Figure 28: A simulation of the use of the principle of superposition to find the electric field due to 30 charges arranged in a ring at an observation point on the axis of the ring. Figure 29: The electric field due to 30 charges arranged in a ring at a given observation point.mit. the resultant up to that point (large arrow in the display). The position of the observation point can be varied to see how the electric field of the individual charges adds up to give the total field. Pressures and Tensions 24 of 57 5/5/2013 11:06 AM .edu/8. We can move the observation point about in space to see how the resultant field at various points arises from the individual contributions of the electric field of each charge. 1. we also show a “grass seeds” representation of the electric field due to these charges...A VISUAL TOUR OF CLASSICAL ELECTROMAGNETISM http://web. but now we can interact with the display to move the position of the observer about in space.02t/www/802TEAL3D/visualizations/guidedtour/To. we show an interactive ShockWave display that is similar to that in Figure 28. To get a feel for the total electric field. In Figure 29.

This motion. if the bottom face of this imaginary box is sitting inside a capacitor for which the electric field is vertical and constant. such forces will cause the capacitor plates to collapse toward one another. pulling that plate upward. The magnitude of the tension or pressure transmitted by an electric field is given by (II.A VISUAL TOUR OF CLASSICAL ELECTROMAGNETISM http://web. or pressure.. and adds up to zero. Examples of Stresses Transmitted By Fields In Electrostatics a) A Charged Particle Moving In A Constant Electric Field As an example of the stresses transmitted by electric fields. The charge feels a constant downward force . this total electromagnetic force transmitted to the interior of the box in the up-down direction is a pull upward plus an equal and opposite pull downward. In contrast.5) 2. The charge is initially moving upward along the negative z-axis in a constant background field . then there is a net pull downward. Note that energy per unit volume has the same units as pressure. where the electric field is zero. and then moves back down the negative z-axis. Pressures and Tensions Transmitted By Electric Fields Electromagnetic fields are mediators of the interactions between material objects. consider an electric charge with charge q > 0 moving in a constant electric field. This quantity has units of force per unit area. and of the interchange of energy between fields and particles. The fields transmit stresses through space. 26 of 57 5/5/2013 11:06 AM . are shown in Figure 31.mit. The charge eventually comes to rest at the origin. It is also the energy density stored in the electric field. We can deduce this by simply looking at the electric field topology. and we say that the electric field exerts a tension on the top plate of the capacitor pulling it downward. The electric field will also exert a tension on the bottom plate of the capacitor. The magnitude of these pressures and tensions on the various faces of the imaginary surface in Figure 30 is given by for the electric field.edu/8.02t/www/802TEAL3D/visualizations/guidedtour/To. At sufficiently high electric field. and the fields that accompany it. and the top face is sitting outside of that capacitor. An electric field transmits a tension along itself and a pressure perpendicular to itself. homogeneous. at two different times..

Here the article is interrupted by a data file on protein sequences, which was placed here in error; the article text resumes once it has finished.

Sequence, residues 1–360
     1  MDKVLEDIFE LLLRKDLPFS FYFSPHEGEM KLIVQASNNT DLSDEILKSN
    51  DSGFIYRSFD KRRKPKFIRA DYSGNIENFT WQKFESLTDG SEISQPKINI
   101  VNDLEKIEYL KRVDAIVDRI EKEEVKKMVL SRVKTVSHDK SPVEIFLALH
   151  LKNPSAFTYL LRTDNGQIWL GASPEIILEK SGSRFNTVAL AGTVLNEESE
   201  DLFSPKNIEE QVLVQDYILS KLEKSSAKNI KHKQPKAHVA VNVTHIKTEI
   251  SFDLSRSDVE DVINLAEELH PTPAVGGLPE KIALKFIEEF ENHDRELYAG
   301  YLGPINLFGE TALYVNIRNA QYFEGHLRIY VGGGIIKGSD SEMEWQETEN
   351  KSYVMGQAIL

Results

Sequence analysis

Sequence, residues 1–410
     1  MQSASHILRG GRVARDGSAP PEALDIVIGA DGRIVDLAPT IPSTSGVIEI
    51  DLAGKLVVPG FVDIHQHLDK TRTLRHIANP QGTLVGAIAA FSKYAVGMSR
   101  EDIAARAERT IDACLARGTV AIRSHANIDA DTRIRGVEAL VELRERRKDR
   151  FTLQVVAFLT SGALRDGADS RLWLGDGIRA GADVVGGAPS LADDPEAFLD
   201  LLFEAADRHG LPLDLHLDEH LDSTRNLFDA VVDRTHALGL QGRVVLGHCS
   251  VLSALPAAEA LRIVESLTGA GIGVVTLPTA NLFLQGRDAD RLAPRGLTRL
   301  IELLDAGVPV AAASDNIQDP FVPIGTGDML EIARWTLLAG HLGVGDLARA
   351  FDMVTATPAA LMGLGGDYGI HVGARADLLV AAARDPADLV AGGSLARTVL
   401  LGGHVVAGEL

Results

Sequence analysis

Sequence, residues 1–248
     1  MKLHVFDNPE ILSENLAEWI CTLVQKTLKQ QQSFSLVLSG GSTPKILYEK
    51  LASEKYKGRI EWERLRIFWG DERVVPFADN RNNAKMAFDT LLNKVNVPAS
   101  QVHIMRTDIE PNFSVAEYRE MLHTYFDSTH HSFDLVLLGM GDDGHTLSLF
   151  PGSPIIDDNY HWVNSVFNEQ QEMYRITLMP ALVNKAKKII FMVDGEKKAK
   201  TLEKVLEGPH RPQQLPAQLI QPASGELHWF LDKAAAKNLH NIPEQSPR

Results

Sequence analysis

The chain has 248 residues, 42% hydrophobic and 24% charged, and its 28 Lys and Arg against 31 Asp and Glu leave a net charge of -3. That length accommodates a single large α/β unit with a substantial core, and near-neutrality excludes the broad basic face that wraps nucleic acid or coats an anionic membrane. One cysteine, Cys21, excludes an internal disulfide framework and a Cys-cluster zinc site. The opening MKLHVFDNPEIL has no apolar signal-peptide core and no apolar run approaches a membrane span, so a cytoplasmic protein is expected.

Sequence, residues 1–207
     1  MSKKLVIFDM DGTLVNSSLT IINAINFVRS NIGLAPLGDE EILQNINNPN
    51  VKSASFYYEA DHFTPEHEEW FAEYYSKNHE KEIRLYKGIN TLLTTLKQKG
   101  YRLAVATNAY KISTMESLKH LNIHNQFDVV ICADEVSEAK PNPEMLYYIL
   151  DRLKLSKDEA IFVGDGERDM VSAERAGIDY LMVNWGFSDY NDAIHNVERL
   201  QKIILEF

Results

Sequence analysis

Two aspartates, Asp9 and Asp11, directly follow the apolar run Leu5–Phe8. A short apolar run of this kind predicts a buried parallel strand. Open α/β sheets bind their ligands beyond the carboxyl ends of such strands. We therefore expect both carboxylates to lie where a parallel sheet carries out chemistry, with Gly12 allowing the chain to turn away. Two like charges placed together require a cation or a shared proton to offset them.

edu/8. which we cannot see. This is a stress pulling downward on the charge from below. Viewing the animation of Figure 31 greatly enhances Faraday’s interpretation of the stresses in the static image. This is a stress pushing down on the charge from above. (b) The total field configuration when the charge comes to rest at the origin. The field lines piercing the lower half of the sphere transmit a tension that is parallel to the field.A VISUAL TOUR OF CLASSICAL ELECTROMAGNETISM http://web. In Figure 32. it is apparent in the animation that the electric field lines are generally compressed above the charge and stretched below the charge. How do we interpret the motion of the charge in terms of the stresses transmitted by the fields? Faraday would have described the downward force on the charge in Figure 31(b) as follows. because the field line motion in the animation is in the direction of the energy flow. (a) (b) Figure 31: A positive charge moving in a constant electric field which points downward. Figure 32: An electric charge in a constant downward electric field. The kinetic energy of the upwardly moving charge is decreasing as more and more energy is stored in the compressed electrostatic field. with stresses arising in that medium as a result of that encroachment. This field configuration enables the transmission of a downward force to the moving charge we can see as well as an upward force to the charges that produce the constant field. As the charge moves upward. and conversely when the charge is moving downward. We surround the charge by an imaginary sphere in order to discuss the stresses transmitted across the surface of that sphere by the electric field.. Moreover. The overall appearance of the upward motion of the charge through the electric field is that of a point being forced into a resisting medium. before it moves back down the negative z-axis. (a) The total field configuration when the charge is still out of sight on the negative z-axis.mit.02t/www/802TEAL3D/visualizations/guidedtour/To. The total effect of these stresses is a net downward force on the charge. we show this charge surrounded by an imaginary sphere centered on it. we can explicitly see the 27 of 57 5/5/2013 11:06 AM . The field lines draped over the top of the imaginary sphere transmit a pressure perpendicular to themselves..